Friday, March 6, 2009

Falling Stars, Singing Pipes

It is daybreak, and the stars are falling.

At least, that's how it looks this morning, as heavy wet snow-stars plummet, filling the span between cottage and woods with their silent, stunning artillery. Sleet is predicted for much of the day, a staunch declaration that Spring is seeping out from under Winter's hard and icy grip.

It has been the sort of winter when one questions Spring's return. We have known the time Gaels call Am Faoilteach, "the Wolf Month," when hunger and fear leave their sharp indentations on even the most well-armoured souls.



"What though the tempest round me roars, I know the Truth, it liveth;
What though the darkness round me falls, songs in the night it giveth."


Songs in the night have been few and far between, though I've tried and tried to be brave. I love this old song, (circa 1864, attrib. to Anne Warner), and--usually--I love Winter. But I confess I've done precious little singing. The best I could manage, most days, was a snatch or two of wordless whistling, usually slip jigs with their defiant, springy rhythms. I believe in the power of words, of naming things into being, but my faith became so hesitant and timid that my dearest hopes were no longer among the things I could name.

And then the plumber called.

What? A plumber? One of those people who play with pipes, who put the pipes together, add water, and make them sing? A real honest-to-goodness PLUMBER?!?

Aye, a plumber called. It seems The Bagpiper's Son, a wandering woodsman, had met a plumber's son on his travels--verily, the Son of a Living Plumber. The plumber's son heard our tale of woe and said, "Fear not, for the Plumber is with you, and he shall mend your plumbing and make it whole."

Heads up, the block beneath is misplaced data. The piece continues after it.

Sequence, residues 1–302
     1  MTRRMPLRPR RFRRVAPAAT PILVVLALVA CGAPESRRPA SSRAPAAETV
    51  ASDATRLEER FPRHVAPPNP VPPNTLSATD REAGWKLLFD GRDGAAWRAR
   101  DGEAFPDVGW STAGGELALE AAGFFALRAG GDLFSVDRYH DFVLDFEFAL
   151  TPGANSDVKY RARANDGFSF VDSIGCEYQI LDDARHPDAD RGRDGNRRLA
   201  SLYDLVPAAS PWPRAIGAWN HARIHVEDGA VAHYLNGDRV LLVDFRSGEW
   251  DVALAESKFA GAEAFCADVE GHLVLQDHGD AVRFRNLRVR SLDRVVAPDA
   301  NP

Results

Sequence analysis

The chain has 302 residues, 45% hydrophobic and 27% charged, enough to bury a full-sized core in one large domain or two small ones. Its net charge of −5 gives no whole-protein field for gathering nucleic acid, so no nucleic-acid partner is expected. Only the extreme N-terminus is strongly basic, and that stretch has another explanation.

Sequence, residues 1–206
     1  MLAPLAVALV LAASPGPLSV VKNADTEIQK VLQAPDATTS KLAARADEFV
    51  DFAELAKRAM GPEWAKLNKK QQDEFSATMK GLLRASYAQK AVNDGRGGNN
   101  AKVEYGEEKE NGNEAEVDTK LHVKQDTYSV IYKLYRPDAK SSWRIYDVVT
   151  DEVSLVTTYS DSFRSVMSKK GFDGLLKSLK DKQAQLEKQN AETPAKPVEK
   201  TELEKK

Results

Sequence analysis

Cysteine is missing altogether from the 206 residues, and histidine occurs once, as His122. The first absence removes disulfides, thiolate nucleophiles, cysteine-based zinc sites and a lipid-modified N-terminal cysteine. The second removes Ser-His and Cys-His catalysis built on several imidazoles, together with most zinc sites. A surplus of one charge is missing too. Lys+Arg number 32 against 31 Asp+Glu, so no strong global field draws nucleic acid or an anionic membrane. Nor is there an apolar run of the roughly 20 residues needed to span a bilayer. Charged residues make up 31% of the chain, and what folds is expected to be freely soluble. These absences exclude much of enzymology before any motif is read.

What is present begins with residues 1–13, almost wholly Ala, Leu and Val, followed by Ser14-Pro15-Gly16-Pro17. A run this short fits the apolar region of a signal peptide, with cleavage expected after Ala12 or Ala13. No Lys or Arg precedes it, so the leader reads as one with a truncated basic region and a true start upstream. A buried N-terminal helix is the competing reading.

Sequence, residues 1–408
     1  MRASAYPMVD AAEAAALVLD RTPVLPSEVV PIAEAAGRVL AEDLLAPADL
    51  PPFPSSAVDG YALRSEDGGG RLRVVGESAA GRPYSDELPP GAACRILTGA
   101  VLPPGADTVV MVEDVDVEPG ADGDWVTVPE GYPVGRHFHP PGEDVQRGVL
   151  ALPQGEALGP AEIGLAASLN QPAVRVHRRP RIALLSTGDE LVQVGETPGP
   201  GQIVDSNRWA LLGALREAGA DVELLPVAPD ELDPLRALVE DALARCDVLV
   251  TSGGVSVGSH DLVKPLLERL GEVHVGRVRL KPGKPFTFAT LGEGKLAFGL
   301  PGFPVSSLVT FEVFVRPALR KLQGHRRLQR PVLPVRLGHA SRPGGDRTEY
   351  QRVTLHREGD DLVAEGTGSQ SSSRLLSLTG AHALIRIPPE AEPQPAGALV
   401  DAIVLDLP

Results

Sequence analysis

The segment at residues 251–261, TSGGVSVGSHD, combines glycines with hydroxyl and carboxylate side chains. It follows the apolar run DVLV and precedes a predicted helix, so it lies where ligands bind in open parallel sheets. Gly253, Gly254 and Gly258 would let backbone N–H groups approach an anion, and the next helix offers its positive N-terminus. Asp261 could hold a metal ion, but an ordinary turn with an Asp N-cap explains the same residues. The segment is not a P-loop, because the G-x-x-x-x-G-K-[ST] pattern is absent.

Blessed are they who believe what they have not seen...well, we had indeed begun to suspect that plumbers were mythical creatures, mere will-o'-wisps at the edge of our imaginings. Our regular calls to our previous plumber had become like desperate prayers to a distant and silent saviour, if you'll forgive this slight blasphemy. We pleaded, we bargained, we ranted and raved... in short, we made absolute fools of ourselves on that man's answering machine, to no avail.

But yesterday, the weather began to warm. Our hearts dared to lift. There were portants in the heavens. The moon was waxing gibbous. Long had we waited in unwashed darkness... And Lo, unto us a plumber was given. And the tools were in his bag and the mantle of his credentials was on his shoulders: He is a plumber and retired professional engineer who regularly works with Habitat for Humanity. He has plumbed many houses. Within a few hours he had measurements taken, floor plans and schematics drawn, and a parts list written. Oh, Hallelujah Chorus!

Now, like any long-unused system, our faith has gone rusty and stiff. It is hard work to shake things loose and exercise our belief, allow ourselves to trust again. The Bagpiper has not done much piping, and I have not done much singing, but now The Plumber Has Come and perhaps we shall dig down and reconnect to the sweet well of music again. It is hard to believe, but The Plumber says work can begin next week. It is hard to believe, but this project is being enscribed, copied in triplicate, and named into being.

"My life flows on in endless song above earth's lamentation...
I hear the real, tho' far-off hymn that hails a new creation.
Through all the tumult and the strife, I hear that music ringing--
It sounds an echo in my soul; how can I keep from singing?"

3 comments:

Mama Pea said...

There is only one thing to say: LET US ALL RISE FOR THE HALLELUJAH CHORUS!

Songbird said...

How indeed!

Shawna Renee said...

Welcome to RevGals, and what a beautiful and lyrical post. I am in a winter I thought would never end myself. A lot of what you wrote resonates with me. And thank God for the plumber!